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AWS Elastic Beanstalk
Developer Guide (API Version 2010-12-01)

Multicontainer Docker Configuration

A Dockerrun.aws.json file is an Elastic Beanstalk–specific JSON file that describes how to deploy a set of Docker containers as an Elastic Beanstalk application. You can use a Dockerrun.aws.json file for a multicontainer Docker environment.

Dockerrun.aws.json describes the containers to deploy to each container instance in the environment as well as the data volumes to create on the host instance for the containers to mount.

A Dockerrun.aws.json file can be used on its own or zipped up with additional source code in a single archive. Source code that is archived with a Dockerrun.aws.json is deployed to container instances and accessible in the /var/app/current/ directory. Use the volumes section of the config to provide mount points for the containers running on the instance, and the mountPoints section of the embedded container definitions to mount them from the containers.

Dockerrun.aws.json v2

The Dockerrun.aws.json file includes three sections:

AWSEBDockerrunVersion

Specifies the version number as the value "2" for multicontainer Docker environments.

containerDefinitions

An array of container definitions, detailed below.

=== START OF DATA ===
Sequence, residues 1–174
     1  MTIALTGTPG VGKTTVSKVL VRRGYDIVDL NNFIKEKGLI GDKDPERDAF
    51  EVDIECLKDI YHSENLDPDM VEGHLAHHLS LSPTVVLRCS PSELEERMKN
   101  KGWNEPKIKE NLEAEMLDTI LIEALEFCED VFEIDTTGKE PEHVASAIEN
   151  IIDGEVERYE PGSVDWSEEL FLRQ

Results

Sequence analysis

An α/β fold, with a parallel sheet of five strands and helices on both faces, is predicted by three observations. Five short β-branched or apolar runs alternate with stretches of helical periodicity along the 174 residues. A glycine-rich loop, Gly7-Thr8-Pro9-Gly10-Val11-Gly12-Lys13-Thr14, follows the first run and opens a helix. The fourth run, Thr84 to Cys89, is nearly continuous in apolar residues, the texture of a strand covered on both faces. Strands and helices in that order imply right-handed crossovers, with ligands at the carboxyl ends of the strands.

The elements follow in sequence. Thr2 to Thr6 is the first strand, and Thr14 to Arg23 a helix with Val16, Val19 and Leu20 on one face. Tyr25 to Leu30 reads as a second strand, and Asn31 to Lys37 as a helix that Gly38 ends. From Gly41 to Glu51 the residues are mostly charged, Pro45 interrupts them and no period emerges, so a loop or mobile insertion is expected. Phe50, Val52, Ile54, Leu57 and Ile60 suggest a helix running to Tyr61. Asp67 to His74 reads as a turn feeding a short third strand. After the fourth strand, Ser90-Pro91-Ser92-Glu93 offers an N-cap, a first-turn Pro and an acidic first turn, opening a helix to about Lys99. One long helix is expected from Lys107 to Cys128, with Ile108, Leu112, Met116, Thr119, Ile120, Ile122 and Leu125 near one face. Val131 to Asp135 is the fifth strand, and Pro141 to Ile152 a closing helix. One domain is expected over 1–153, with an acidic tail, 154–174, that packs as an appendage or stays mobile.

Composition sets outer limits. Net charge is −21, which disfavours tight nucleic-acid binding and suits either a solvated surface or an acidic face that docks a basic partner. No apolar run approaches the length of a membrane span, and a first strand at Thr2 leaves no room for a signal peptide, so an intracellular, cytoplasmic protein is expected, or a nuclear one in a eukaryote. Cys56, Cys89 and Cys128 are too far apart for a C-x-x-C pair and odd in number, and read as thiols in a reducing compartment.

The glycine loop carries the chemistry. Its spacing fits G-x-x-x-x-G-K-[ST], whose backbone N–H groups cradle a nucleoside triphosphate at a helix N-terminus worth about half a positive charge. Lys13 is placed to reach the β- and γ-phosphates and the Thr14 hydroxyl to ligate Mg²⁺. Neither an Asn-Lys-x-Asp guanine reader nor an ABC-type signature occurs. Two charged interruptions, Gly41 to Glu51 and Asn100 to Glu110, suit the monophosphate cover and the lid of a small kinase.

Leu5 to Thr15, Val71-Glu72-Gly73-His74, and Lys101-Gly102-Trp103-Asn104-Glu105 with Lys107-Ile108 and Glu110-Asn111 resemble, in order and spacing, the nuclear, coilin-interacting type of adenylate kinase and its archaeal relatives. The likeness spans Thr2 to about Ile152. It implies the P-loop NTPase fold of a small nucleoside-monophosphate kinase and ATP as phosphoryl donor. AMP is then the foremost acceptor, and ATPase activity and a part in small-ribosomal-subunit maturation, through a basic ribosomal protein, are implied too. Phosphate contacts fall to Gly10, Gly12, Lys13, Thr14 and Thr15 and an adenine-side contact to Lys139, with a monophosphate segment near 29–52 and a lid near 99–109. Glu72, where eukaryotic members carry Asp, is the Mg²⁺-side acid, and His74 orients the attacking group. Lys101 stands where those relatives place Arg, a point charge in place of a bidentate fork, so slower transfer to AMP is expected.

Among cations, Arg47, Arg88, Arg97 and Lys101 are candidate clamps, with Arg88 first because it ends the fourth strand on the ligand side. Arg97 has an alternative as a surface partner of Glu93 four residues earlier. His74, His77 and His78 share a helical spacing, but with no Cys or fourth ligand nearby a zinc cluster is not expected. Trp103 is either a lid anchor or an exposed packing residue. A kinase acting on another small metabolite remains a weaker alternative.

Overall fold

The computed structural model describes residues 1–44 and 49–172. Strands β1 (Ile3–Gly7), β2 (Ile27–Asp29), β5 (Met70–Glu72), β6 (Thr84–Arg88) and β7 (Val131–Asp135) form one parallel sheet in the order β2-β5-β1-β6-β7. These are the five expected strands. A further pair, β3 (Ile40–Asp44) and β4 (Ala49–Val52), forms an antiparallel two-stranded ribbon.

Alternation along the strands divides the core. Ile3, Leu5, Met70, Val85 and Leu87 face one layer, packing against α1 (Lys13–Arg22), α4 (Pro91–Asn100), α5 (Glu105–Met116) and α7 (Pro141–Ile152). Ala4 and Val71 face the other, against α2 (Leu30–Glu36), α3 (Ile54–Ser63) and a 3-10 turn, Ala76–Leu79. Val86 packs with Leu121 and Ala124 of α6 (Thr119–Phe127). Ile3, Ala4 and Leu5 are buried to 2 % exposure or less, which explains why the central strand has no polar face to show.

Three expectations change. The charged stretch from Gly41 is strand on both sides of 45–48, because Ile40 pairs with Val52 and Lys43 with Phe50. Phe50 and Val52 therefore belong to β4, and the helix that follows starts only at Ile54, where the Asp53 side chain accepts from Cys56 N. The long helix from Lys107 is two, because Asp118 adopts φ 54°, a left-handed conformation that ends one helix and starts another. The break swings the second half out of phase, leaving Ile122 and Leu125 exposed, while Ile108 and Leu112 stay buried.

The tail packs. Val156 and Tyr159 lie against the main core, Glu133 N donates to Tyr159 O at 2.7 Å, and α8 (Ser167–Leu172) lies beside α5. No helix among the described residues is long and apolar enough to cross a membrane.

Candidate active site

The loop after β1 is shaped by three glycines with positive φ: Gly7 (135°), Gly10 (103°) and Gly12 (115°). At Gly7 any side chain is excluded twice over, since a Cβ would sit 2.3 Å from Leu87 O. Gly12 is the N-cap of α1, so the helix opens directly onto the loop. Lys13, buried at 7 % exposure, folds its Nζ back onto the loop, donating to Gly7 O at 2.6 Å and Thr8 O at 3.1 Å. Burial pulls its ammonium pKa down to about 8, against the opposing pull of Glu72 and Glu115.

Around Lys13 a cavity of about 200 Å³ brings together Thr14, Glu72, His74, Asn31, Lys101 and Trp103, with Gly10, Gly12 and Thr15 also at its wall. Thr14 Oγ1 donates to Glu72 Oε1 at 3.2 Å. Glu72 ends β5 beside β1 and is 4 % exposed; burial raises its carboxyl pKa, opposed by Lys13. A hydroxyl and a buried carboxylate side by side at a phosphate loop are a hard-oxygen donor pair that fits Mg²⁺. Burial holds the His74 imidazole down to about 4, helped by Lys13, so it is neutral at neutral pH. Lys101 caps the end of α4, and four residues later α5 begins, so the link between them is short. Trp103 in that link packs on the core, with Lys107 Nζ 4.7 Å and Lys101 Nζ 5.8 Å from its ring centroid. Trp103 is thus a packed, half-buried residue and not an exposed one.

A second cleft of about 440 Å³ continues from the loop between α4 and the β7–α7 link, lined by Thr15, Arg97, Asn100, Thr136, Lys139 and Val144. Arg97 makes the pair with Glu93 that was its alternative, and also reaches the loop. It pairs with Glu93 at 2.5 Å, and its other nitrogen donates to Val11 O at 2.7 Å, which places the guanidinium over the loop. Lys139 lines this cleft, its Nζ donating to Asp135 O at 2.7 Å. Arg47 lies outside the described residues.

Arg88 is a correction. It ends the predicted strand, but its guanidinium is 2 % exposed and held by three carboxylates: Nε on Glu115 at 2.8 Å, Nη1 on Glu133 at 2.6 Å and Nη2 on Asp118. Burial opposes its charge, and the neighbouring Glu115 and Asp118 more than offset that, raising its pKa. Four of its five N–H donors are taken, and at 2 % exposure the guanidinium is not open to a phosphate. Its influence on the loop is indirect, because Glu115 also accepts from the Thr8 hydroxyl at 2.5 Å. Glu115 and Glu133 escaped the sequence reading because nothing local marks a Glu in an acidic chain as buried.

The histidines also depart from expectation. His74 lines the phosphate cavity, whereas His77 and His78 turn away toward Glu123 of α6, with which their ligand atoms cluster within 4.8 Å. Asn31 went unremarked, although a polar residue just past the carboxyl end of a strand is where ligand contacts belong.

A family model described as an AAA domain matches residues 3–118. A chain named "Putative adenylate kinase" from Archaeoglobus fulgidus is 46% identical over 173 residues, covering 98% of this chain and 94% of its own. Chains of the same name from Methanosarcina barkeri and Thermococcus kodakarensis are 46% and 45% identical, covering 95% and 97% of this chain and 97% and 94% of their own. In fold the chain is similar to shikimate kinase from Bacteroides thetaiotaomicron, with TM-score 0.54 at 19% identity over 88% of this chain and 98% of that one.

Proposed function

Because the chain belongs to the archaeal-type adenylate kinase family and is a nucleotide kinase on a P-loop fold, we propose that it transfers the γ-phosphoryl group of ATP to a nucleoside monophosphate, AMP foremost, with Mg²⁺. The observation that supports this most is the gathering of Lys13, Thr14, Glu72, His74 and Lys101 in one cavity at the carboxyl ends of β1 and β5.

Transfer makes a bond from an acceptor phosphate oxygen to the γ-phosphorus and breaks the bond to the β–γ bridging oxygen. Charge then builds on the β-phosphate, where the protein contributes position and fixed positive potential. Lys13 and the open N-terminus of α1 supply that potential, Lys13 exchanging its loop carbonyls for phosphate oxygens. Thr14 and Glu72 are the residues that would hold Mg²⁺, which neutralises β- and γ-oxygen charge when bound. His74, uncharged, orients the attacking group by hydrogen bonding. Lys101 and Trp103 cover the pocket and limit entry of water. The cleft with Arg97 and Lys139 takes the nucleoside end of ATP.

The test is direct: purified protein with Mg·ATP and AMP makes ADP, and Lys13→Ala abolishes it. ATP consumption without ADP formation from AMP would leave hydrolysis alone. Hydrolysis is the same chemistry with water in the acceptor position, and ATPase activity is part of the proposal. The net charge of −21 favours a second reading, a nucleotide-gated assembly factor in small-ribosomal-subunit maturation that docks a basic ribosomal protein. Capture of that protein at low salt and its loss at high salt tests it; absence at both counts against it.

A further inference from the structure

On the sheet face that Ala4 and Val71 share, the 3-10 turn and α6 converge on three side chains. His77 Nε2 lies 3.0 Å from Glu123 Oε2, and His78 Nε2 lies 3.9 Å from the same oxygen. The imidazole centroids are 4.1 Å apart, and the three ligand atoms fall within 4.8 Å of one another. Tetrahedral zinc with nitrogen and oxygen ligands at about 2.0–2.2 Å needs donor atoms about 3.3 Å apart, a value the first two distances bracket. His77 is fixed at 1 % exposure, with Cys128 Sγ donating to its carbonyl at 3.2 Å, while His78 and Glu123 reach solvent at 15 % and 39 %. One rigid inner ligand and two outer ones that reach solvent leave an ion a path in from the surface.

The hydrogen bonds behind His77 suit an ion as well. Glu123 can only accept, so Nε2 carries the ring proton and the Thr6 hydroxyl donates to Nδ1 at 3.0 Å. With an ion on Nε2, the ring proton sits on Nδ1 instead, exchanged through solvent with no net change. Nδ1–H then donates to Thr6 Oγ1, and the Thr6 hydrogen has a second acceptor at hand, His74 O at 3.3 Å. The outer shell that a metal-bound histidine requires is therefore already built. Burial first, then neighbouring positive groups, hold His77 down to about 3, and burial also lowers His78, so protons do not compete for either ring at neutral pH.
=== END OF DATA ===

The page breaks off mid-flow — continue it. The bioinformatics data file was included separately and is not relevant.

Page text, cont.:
volumes

Creates mount points in the container instance that a container can use. Configure volumes for folders in your source bundle (deployed to /var/app/current on the container instance) for a container's application to read.

Note

Elastic Beanstalk configures additional volumes for logs, one for each container. These should be mounted by your containers in order to write logs to the host instance. See Container Definition Format for details.

Volumes are specified in the following format:

"volumes": [
    {
      "name": "volumename",
      "host": {
        "sourcePath": "/path/on/host/instance"
      }
    }
  ],

authentication

(optional) The location in Amazon S3 of a .dockercfg file that contains authentication data for a private repository. Uses the following format:

"authentication": {
    "bucket": "my-bucket",
    "key": "mydockercfg"
  },

See Using Images from a Private Repository for details.

The following snippet is an example that illustrates the syntax of the Dockerrun.aws.json file for an instance with two containers.

{
  "AWSEBDockerrunVersion": 2,
  "volumes": [
    {
      "name": "php-app",
      "host": {
        "sourcePath": "/var/app/current/php-app"
      }
    },
    {
      "name": "nginx-proxy-conf",
      "host": {
        "sourcePath": "/var/app/current/proxy/conf.d"
      }
    }
  ],
  "containerDefinitions": [
    {
      "name": "php-app",
      "image": "php:fpm",
      "environment": [
        {
          "name": "Container",
          "value": "PHP"
        }
      ],
      "essential": true,
      "memory": 128,
      "mountPoints": [
        {
          "sourceVolume": "php-app",
          "containerPath": "/var/www/html",
          "readOnly": true
        }
      ]
    },
    {
      "name": "nginx-proxy",
      "image": "nginx",
      "essential": true,
      "memory": 128,
      "portMappings": [
        {
          "hostPort": 80,
          "containerPort": 80
        }
      ],
      "links": [
        "php-app"
      ],
      "mountPoints": [
        {
          "sourceVolume": "php-app",
          "containerPath": "/var/www/html",
          "readOnly": true
        },
        {
          "sourceVolume": "nginx-proxy-conf",
          "containerPath": "/etc/nginx/conf.d",